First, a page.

Through our participation in Hillel and Chabad, we have seen that our community values complexity, nuance, and the inclusion of multiple experiences and narratives. The exclusion of voices of Palestinians and Palestinian citizens of Israel from Birthright runs counter to our core values. We see the Birthright trip as an extension of our campus Jewish community, and therefore expect it to live up to the same values of the community as a whole.
On a trip to Israel, we should experience the country’s history and culture, but we should also learn about the Israeli occupation and hear the voices of Palestinians living under occupation. As those of us who have been on Birthright and similar trips can attest, shielding us from these truths creates a “connection” to Israel that feels fragile at best. As students at Washington University, we are expected to approach new ideas with open minds, challenge our assumptions, and think critically about the world around us. Why should we have to leave those values behind to go on Birthright?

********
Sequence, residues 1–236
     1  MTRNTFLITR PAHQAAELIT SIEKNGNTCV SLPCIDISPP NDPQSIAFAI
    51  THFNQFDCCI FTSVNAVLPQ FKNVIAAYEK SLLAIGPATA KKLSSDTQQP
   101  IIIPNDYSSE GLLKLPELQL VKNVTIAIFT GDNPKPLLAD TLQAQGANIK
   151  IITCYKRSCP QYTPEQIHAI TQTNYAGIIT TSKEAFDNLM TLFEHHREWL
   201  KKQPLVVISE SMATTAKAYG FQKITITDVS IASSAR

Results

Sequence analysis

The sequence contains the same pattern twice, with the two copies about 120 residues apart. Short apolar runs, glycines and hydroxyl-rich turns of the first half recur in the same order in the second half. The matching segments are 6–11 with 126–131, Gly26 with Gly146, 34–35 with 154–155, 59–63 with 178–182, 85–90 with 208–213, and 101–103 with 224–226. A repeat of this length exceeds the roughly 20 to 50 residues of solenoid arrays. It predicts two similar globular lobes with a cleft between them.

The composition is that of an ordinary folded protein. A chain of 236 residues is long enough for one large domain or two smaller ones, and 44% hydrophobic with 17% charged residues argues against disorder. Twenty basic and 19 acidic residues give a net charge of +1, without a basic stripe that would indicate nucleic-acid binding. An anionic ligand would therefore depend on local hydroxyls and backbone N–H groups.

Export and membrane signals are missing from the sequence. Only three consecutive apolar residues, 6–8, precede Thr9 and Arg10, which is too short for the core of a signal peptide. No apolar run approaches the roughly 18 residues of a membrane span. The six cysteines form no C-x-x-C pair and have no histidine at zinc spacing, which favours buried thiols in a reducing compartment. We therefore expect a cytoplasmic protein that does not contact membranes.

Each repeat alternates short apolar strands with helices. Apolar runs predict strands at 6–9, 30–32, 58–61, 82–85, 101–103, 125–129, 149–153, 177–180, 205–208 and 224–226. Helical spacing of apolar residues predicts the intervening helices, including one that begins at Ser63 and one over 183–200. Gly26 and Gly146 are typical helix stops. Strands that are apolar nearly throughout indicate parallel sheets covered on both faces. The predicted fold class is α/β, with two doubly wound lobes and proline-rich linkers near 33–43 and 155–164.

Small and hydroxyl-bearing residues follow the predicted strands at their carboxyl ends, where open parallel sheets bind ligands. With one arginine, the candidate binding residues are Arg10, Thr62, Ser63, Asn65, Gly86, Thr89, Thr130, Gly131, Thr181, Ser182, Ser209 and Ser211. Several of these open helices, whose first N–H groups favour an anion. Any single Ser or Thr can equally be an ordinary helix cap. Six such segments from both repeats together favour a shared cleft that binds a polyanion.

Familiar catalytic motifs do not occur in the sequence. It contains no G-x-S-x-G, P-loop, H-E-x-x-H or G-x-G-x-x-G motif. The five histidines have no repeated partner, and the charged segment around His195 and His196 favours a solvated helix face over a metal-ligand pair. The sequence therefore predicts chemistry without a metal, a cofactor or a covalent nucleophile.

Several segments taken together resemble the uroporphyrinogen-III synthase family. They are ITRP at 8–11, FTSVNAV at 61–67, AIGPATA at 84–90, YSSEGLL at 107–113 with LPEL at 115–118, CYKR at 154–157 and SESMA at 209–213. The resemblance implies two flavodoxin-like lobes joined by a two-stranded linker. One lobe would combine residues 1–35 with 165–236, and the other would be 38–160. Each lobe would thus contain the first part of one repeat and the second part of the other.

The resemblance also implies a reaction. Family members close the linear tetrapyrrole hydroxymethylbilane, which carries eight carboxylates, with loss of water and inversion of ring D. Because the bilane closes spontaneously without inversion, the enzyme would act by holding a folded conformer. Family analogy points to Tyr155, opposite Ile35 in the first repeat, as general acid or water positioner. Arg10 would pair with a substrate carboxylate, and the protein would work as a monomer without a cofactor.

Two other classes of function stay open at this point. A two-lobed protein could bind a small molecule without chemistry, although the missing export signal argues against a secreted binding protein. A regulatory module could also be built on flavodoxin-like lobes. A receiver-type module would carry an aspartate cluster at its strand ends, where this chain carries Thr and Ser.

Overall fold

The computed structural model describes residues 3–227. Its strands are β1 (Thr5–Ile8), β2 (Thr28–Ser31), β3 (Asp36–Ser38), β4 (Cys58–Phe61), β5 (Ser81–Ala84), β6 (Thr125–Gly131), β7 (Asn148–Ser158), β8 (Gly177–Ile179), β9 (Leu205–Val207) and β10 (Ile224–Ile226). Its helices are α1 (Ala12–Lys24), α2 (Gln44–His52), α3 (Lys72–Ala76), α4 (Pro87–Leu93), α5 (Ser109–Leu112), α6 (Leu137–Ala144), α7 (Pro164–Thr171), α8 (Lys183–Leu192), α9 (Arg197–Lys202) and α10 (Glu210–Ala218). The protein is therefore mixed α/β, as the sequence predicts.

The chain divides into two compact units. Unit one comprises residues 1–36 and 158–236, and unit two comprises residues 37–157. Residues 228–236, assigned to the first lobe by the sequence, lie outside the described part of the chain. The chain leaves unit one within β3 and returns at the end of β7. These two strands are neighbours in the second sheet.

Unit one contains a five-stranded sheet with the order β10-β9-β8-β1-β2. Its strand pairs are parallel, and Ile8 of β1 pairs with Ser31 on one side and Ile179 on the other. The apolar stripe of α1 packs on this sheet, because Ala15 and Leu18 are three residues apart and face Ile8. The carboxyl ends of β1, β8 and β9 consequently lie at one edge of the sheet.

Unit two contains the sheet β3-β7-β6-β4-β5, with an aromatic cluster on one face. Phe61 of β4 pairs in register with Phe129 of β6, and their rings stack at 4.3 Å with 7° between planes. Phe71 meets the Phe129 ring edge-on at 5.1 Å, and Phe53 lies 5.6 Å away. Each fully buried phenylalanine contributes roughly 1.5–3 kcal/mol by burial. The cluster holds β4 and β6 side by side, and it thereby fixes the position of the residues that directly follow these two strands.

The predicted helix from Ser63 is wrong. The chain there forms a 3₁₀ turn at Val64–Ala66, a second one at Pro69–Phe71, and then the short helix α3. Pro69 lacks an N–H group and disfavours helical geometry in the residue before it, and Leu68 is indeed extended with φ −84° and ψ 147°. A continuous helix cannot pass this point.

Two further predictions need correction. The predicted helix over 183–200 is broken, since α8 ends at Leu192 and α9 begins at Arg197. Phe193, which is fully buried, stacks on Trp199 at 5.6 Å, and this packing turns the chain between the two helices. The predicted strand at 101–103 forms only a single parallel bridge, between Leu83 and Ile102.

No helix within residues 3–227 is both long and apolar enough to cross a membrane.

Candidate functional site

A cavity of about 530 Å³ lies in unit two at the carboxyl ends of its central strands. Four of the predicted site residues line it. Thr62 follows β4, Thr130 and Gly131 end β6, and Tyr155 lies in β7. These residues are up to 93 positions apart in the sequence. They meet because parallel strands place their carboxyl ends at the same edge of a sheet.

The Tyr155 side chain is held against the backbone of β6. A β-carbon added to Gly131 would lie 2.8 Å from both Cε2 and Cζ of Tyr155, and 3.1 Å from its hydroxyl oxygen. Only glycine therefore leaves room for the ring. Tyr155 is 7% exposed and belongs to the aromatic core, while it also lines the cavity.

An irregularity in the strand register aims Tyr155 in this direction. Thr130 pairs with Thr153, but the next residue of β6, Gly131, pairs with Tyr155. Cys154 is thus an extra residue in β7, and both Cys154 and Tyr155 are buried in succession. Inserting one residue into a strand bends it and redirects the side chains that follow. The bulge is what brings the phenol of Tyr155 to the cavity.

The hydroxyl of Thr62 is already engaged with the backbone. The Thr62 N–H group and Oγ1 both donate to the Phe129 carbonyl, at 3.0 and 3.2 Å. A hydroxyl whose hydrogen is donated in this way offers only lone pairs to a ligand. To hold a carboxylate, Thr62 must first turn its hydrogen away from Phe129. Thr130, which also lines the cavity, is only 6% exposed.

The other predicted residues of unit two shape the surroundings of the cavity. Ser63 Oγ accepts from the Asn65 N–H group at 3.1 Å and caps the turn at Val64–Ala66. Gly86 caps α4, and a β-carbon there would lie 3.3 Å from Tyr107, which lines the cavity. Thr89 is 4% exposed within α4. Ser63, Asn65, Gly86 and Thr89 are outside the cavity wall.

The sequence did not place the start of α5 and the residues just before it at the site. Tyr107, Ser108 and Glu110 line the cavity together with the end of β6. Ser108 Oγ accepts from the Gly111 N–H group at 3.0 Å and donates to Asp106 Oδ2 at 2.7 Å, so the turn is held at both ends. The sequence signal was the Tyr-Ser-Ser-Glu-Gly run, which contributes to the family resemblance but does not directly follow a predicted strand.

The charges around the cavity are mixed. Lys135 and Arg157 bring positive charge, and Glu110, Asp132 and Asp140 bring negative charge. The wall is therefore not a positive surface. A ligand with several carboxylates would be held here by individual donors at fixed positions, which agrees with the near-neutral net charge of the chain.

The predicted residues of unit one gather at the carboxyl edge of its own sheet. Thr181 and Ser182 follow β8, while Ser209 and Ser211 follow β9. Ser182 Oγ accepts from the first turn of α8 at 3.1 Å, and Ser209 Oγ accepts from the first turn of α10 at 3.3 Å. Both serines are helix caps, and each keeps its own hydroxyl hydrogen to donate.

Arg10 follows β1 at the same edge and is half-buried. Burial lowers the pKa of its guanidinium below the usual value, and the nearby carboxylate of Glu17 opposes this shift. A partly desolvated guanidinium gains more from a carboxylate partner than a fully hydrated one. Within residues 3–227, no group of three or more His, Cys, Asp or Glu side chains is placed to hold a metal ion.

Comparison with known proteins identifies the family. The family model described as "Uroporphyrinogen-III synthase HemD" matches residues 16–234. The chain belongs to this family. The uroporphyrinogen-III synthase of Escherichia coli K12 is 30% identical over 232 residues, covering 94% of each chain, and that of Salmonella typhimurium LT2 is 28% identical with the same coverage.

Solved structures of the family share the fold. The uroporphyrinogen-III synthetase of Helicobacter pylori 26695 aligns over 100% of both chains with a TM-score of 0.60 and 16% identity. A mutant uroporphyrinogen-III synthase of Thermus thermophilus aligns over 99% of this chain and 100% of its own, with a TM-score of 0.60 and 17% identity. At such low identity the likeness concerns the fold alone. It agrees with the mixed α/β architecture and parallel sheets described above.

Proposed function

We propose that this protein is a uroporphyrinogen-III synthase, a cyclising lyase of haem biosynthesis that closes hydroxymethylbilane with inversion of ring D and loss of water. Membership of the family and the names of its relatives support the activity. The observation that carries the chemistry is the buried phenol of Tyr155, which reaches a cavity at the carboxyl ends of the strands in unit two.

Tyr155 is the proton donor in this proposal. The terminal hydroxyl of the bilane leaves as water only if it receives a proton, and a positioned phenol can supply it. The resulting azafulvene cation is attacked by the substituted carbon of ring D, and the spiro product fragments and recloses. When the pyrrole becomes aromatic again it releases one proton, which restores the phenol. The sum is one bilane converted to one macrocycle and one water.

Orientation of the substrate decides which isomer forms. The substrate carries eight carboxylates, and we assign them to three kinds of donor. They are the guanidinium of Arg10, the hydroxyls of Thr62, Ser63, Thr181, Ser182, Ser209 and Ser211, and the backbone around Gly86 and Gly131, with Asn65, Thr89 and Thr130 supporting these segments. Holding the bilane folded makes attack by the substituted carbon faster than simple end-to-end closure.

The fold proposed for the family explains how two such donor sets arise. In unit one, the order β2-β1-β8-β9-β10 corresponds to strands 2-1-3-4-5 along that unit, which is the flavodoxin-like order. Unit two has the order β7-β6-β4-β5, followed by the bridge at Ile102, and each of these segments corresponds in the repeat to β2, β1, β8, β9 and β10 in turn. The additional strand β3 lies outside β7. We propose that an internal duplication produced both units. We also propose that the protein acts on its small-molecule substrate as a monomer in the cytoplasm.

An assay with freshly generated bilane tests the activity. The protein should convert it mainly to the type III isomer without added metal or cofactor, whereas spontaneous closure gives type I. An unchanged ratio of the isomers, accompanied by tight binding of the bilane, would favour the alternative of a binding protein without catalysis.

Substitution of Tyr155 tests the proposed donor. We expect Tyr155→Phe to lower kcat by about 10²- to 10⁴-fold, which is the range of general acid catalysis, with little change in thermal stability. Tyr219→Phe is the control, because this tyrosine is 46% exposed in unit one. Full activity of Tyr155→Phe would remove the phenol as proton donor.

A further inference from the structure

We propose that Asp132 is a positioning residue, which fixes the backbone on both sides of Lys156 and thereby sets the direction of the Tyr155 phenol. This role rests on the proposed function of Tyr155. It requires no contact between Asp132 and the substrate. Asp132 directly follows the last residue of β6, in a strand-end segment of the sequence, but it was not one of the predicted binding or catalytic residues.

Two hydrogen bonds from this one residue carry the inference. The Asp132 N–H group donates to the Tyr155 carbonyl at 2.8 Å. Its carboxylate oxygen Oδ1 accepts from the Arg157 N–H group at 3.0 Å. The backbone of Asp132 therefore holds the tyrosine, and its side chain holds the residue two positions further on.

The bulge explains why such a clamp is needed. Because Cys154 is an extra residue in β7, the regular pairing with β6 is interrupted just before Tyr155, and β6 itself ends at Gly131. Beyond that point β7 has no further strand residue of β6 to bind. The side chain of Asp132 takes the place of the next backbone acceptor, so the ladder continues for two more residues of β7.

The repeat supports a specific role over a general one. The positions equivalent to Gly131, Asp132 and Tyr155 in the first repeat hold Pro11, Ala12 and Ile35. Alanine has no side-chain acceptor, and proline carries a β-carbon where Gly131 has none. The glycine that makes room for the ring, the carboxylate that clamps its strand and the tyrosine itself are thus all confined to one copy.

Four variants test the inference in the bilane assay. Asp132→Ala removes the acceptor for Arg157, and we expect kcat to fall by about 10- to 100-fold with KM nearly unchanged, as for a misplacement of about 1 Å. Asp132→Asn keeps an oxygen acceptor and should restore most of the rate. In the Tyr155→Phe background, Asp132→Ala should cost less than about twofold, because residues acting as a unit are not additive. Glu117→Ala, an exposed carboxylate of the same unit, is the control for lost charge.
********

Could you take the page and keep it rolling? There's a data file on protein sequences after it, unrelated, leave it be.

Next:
We therefore ask that our campus’ Birthright trip meet with Palestinians who can speak to the realities of occupation. Attached is a list of examples of many such individuals and organizations — particularly those who can speak to experiences of living under full Israeli control in the West Bank. We affirm that meeting with these individuals is essential to students’ ability to engage meaningfully with Israel and Palestine.